The material upon which this great power is nourished is specifically furnished by the works which it has created. As the eye is trained to discover the line of beauty by companionship with the works in which it is revealed with the greatest clearness and power, so is the imagination developed by intimacy with the books which disclose its depth, its reality, and its method. The reader of Shakespeare cannot follow the leadings of his masterly imagination without feeling a liberation of his own faculty of seeing things as parts of a vast order of life. He does not gain the poet’s creative power, but he is enlarged and enriched to the point where his own imagination plays directly on the material about it; he receives it into himself, and in the exact measure in which he learns the secret of absorbing what he sees, feels, and knows, becomes master and interpreter of the world of his time, and restorer of the world of other times and men. For the imagination, playing upon fact and experience, divines their meaning and puts us in possession of the truth and life that are in them. To possess this magical power is to live the whole of life and to enter into the heritage of history.
Breadth of Life.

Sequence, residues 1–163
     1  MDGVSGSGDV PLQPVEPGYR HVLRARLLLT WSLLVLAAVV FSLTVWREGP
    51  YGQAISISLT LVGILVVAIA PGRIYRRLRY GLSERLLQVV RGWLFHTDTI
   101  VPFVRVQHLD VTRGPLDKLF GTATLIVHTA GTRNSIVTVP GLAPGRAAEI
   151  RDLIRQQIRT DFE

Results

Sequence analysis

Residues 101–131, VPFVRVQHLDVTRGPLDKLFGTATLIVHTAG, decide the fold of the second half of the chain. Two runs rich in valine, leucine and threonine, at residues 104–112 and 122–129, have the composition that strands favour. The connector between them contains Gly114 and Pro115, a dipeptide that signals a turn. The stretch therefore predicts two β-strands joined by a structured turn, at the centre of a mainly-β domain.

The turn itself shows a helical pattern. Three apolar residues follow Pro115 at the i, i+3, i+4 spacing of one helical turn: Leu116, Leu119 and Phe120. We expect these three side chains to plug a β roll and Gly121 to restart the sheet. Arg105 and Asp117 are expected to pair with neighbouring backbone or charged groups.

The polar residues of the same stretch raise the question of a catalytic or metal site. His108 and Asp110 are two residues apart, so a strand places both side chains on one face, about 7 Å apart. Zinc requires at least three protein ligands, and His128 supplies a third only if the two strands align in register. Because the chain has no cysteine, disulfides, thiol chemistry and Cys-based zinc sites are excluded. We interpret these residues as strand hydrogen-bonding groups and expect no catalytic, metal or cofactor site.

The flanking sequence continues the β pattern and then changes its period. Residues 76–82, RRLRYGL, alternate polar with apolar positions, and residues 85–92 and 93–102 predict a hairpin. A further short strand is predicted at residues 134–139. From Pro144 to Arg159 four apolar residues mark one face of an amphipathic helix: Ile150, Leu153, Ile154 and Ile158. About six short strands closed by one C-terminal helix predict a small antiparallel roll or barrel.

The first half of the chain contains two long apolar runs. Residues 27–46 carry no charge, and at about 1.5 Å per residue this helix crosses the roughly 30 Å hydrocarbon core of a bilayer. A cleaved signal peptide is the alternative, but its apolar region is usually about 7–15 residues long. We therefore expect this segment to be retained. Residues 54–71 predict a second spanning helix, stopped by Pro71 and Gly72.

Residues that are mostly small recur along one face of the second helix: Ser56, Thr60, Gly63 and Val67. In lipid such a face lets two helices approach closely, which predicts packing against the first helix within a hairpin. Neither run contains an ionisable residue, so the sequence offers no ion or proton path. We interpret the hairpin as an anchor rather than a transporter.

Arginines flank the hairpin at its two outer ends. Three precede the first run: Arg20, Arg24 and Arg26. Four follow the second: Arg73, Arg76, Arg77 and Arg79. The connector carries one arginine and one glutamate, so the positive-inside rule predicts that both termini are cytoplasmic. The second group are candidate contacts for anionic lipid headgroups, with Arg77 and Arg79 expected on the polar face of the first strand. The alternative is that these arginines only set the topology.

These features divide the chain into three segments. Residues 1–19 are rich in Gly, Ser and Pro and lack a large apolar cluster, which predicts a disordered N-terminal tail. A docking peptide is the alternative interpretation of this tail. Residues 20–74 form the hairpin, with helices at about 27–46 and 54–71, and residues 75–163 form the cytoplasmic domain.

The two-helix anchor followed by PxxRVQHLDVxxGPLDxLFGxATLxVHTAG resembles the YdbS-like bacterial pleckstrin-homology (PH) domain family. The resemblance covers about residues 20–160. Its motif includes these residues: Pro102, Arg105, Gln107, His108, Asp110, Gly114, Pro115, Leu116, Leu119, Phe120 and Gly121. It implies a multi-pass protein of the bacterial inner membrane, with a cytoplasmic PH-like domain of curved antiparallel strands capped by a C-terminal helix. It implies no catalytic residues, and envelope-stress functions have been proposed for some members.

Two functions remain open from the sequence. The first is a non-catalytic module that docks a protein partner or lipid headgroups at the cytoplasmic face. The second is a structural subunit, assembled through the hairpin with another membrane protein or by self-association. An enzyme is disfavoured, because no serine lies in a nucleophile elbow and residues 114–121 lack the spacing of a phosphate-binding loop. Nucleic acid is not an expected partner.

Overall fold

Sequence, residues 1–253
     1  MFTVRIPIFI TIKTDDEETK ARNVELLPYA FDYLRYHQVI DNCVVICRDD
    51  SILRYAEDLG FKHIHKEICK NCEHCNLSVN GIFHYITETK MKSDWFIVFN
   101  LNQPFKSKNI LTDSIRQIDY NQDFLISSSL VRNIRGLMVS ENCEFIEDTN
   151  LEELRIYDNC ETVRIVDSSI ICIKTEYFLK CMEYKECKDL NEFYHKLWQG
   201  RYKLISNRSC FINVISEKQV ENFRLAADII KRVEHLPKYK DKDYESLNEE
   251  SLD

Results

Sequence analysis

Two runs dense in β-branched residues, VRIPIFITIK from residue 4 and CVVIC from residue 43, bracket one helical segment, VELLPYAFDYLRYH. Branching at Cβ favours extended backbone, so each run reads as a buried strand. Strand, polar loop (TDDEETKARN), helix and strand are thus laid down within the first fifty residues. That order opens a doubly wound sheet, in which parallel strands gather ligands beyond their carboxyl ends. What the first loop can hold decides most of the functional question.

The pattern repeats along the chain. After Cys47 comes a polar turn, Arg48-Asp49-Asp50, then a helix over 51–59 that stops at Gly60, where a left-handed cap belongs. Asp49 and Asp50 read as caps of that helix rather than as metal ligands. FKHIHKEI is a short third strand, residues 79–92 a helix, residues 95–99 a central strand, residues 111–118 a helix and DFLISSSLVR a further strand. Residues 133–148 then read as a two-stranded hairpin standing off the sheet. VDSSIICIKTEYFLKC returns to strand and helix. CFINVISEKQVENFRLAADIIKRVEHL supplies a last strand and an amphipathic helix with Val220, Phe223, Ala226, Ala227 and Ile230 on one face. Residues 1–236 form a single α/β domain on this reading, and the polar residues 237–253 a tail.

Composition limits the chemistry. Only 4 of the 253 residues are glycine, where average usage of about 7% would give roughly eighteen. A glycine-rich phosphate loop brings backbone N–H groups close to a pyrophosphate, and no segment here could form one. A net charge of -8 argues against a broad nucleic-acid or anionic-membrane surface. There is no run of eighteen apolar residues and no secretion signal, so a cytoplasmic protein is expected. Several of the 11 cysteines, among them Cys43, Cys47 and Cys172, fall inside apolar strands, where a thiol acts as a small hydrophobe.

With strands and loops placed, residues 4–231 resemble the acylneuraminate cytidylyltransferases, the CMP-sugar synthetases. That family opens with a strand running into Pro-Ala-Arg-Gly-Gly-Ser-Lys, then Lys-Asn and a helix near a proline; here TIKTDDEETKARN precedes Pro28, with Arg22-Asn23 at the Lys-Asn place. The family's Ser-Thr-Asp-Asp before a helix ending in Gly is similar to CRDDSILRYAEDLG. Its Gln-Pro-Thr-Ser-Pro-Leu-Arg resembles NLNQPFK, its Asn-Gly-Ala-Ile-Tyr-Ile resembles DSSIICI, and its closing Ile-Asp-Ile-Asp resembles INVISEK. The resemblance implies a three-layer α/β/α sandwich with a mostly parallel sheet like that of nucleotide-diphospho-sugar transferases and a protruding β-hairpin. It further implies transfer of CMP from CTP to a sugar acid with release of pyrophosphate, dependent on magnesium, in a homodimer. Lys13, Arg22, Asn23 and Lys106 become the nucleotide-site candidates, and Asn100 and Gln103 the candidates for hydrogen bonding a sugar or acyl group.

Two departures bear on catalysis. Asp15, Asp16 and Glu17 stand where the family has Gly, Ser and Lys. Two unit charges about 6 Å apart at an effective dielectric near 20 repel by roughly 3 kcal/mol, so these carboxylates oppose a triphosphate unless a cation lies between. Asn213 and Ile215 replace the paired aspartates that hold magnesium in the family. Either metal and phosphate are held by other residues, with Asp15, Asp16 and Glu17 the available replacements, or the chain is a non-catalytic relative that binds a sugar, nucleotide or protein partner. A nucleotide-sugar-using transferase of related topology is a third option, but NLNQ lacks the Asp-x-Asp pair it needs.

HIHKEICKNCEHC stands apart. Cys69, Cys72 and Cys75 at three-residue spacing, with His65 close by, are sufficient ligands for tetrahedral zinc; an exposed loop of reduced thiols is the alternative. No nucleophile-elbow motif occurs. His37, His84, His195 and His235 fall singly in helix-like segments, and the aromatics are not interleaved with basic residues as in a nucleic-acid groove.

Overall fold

One of the prime characteristics of the man of culture is freedom from provincialism, complete deliverance from rigidity of temper, narrowness of interest, uncertainty of taste, and general unripeness. The villager, or pagan in the old sense, is always a provincial; his horizon is narrow, his outlook upon the world restricted, his knowledge of life limited. He may know a few things thoroughly; he cannot know them in true relation to one another or to the larger order of which they are part. He may know a few persons intimately; he cannot know the representative persons of his time or of his race. The essence of provincialism is the substitution of a part for the whole; the acceptance of the local experience, knowledge, and standards as possessing the authority of the universal experience, knowledge, and standards. The local experience is entirely true in its own sphere; it becomes misleading when it is accepted as the experience of all time and all men. It is this mistake which breeds that narrowness and uncertainty of taste and opinion from which culture furnishes the only escape. A small community, isolated from other communities by the accidents of position, often comes to believe that its way of doing things is the way of the world; a small body of religious people, devoutly attentive to their own observances, often reach the conclusion that these observances are the practice of that catholic church which includes the pious-minded of all creeds and rituals; a group of radical reformers, by passionate advocacy of a single reform, come to believe that there have been no reformers before them, and that none will be needed after them; a band of fresh and audacious young practitioners of any of the arts, by dint of insistence upon a certain manner, rapidly generate the conviction that art has no other manner.